The US is launching trade talks with Kenya as it seeks to secure its first bilateral trade agreement with a sub-Saharan African country.The announcement, made following a visit to the White House by Uhuru Kenyatta, Kenyan president, marks a shift away from Washington’s usual approach to striking multilateral trade deals in Africa.Donald Trump, US president, has said he would like to replace the 20-year-old African Growth and Opportunity Act, which expires in 2025, with a series of bilateral trade deals between the US and African countries.The existing multilateral deal — known as Agoa — gives about 40 African states tariff-free access to the US for 6,500 products, and has come under fire from officials in Washington who want African economies to further open up to US goods and services. “Under President Trump’s leadership, we look forward to negotiating and concluding a comprehensive, high-standard agreement with Kenya that can serve as a model for additional agreements across Africa,” said Robert Lighthizer, US trade representative on Thursday.Mr Lighthizer added that any bilateral agreement between the US and Kenya would “complement Africa’s regional integration efforts”, including the African Continental Free Trade Area.Congress will now be notified of the Trump administration’s intention to begin negotiations. Richard Neal, the Democratic chairman of the House Committee on Ways and Means, which oversees trade, indicated that any trade deal between the US and Kenya would need to protect workers’ rights, as well as contain environmental protections and demonstrate good governance.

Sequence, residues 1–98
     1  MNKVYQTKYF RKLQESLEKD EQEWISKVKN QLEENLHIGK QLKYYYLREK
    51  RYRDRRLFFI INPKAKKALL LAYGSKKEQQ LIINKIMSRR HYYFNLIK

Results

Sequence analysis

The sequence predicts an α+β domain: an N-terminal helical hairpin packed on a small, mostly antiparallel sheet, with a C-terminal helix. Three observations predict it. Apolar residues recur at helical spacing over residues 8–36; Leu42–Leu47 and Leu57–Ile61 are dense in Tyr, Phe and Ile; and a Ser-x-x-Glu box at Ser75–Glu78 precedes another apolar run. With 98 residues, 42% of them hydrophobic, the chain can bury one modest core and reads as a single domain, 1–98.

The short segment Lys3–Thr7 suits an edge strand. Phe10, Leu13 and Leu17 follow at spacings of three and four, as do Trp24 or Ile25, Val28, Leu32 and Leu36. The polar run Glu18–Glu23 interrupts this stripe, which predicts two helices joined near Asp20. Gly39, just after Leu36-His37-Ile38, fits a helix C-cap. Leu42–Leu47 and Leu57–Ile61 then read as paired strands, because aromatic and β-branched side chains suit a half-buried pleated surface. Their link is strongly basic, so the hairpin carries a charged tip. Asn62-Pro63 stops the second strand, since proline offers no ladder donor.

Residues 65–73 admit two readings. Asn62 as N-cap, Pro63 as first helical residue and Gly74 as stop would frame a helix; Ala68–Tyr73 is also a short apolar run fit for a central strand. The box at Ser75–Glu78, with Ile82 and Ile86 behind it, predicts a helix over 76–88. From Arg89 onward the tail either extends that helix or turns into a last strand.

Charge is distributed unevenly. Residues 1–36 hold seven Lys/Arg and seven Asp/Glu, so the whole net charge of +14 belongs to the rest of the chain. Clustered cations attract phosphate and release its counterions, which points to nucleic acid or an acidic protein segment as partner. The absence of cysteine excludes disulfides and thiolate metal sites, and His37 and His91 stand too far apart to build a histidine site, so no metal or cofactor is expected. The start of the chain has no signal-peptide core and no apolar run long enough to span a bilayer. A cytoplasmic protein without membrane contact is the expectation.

Mr Neal said that he had long been a supporter of US trade engagement with Africa through programmes like Agoa. “Kenya is an important trading partner and leader on the African continent,” he added.The trade talks launched as the US-Kenya trade and investment working group, established in August 2018, held its third meeting in Washington this week. In that meeting, Kenya agreed to adopt a phytosanitary protocol that would allow American wheat growers in Washington State, Oregon, and Idaho access to Kenya’s $470m wheat market for the first time in over a decade.According to US statistics, two-way trade between Kenya and the US was about $1bn in 2018, with a $280m surplus in Kenya’s favour. In the same year, Kenya’s total trade with China, its biggest partner, was more than $5bn, with almost all of that going from China to Kenya.